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My dad worked for Century Theatre throughout the late 1950s and 1960s, and I spent many happy hours in the dark throughout my childhood and teen years. He managed the Rialto from the early 1960s for several years (I was in high school at Erasmus, and we lived on the corner of Ocean and Caton). Around 1961 they tried running old movies at a discounted price (the only one I remember is “Meet Me in St Louis”), but this was years before the ever-growing interest in old films, and no one came, so they gave up this policy very quickly. I used to bring my friends or my “dates” on a Saturday night for free movies, and often afterwards we would head back down Flatbush Avenue to Jahn’s ice cream parlor (or into Garfield’s, to laugh at the “old” people hanging out all night, sipping a cup of coffee). Glad to see that the theatre is still standing…
I worked as an usher at the Albemarle in the summer of 1963, when it was still being managed by the Century chain (I got the job because my dad worked for them as a manager elsewhere). It was my first job, and because I was under age, I could only work during the day. I made the minimum wage then (maybe $1.15 an hour). It was the usual neighborhood movie palace, not on a par with the Loews Kings or the RKO Kenmore, but pretty amazing. I was always explaining to people that no, the theatre wasn’t “air-conditioned,” it was “air-cooled” (we used to joke that that meant they kept a door open to the street), and that the coolest place to sit was in the back of the orchestra (again, near the open door). Lots of complaints and lots of refunds (it was a hot summer). Century let it go at the end of the summer, and I moved on to the Nostrand Theatre.
My dad worked for Rugoff & Becker’s chain thoughout the 1950s, and I spent a lot of my childhood in the dark at the Oceana, Tuxedo and Sheepshead theatres in Brooklyn. But my neighborhood hangout every Saturday was the Linden. Yes, I remember the matron with her flashlight, and I remember sneaking over to the “adults” section at a certain point in time, so I could see the films I really wanted to see (Love Me or Leave Me, Les Girls, Garment Jungle) and not the endless stream of serials, westerns and cartoons. I also remember my mom marching down the aisle with the matron to find me and take me home. I got 30 cents for the movies, which meant 20 cents to get in, and 10 cents for 3 candy bars at the corner candy store (never in the theatre itself, too expensive!) We moved away in 1959, and never went to the Linden again.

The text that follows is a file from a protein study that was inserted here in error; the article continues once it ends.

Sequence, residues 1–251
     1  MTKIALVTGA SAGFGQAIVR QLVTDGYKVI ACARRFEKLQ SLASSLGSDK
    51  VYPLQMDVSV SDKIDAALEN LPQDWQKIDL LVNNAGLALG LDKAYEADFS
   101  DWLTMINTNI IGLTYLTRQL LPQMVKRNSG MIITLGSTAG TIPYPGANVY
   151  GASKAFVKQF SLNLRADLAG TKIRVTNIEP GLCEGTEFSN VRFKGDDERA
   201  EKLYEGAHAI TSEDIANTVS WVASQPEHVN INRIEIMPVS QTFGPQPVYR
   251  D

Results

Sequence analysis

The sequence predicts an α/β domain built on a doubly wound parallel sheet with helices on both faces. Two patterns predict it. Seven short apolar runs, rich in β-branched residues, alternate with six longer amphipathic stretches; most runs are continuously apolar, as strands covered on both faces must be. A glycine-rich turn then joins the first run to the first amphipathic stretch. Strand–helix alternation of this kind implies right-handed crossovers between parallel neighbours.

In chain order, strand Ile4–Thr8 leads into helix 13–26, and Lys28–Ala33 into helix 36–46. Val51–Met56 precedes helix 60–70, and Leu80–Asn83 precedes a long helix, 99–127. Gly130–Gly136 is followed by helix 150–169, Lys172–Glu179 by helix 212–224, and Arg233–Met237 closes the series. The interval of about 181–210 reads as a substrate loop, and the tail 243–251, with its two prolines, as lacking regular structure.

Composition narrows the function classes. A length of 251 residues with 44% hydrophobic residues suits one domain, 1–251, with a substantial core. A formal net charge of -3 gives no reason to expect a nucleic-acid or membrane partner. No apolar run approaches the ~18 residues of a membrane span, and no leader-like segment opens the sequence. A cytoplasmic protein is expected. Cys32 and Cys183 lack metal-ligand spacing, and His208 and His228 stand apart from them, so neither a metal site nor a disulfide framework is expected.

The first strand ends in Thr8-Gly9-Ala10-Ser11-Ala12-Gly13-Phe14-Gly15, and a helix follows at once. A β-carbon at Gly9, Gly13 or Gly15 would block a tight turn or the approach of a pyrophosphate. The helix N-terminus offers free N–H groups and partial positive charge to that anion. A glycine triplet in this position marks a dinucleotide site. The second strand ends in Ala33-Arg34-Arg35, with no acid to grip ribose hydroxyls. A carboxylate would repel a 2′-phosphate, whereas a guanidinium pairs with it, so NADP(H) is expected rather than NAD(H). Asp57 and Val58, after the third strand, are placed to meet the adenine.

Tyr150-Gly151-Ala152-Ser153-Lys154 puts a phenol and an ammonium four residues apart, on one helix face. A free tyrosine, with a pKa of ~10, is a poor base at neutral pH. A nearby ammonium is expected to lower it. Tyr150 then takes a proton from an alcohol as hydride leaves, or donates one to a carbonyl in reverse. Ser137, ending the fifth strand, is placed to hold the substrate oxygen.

My father, Sam Lesiger, owned and operated this theater during the early 1940s. Wish I had more information, but he passed away nearly 40 years ago, and that’s all I know. Anyone else remember it?
My father managed the Oceana Theatre from the mid-1950s until 1960. During the 1950s it was one of three neighborhood theatres owned by Rugoff & Becker (the other two were the Tuxedo, where the Luna Park apartments are located on Ocean Parkway, and the Sheepshead, in Sheepshead Bay). All three theatres were acquired by the Century chain in the late 1950s, and my father worked for them until the late 1960s (Century also owned the Kingsway, Avalon, Midwood and other Brooklyn Theatres). At some point, when Century went bankrupt, the Oceana was converted to a sixplex, and there were often one or two Russian-language films playing for the now-Russian-speaking neighborhood. I went there several times in the 1980s while it was still a movie theater, and was fascinated to see how it had been converted (my father’s office and part of the lobby were now a separate theater!). Two years ago on a trip to Brighton Beach I managed to get into the Oceana, which has been operating as a Russian nightclub for some time. The facade was pretty much the same as it had been 40 years ago, but the inside had been totally adapted to resemble an old-fashioned nightclub. There was still a stage where the original screen had been (in the 1950s some stars made personal appearances to plug their movies). Probably the biggest event that I remember was in 1958 when “The Ten Commandments” played a two-a-day run for a number of weeks.
Here’s a final question: does anyone remember the Brighton Theater, a legitimate theater that was part of the fabled “subway circuit,” a group of theaters around New York City where Broadway shows toured when they closed their original run? The Brighton was located near the Tuxedo Theatre at the end of Ocean Parkway, just before you turned to go to Coney Island (right) or Brighton Beach (left). My father managed the Brighton for some period of time in the early 1950s, and I remember attending a performance of “Top Banana” as a very young child. Anyone have more information on the Brighton?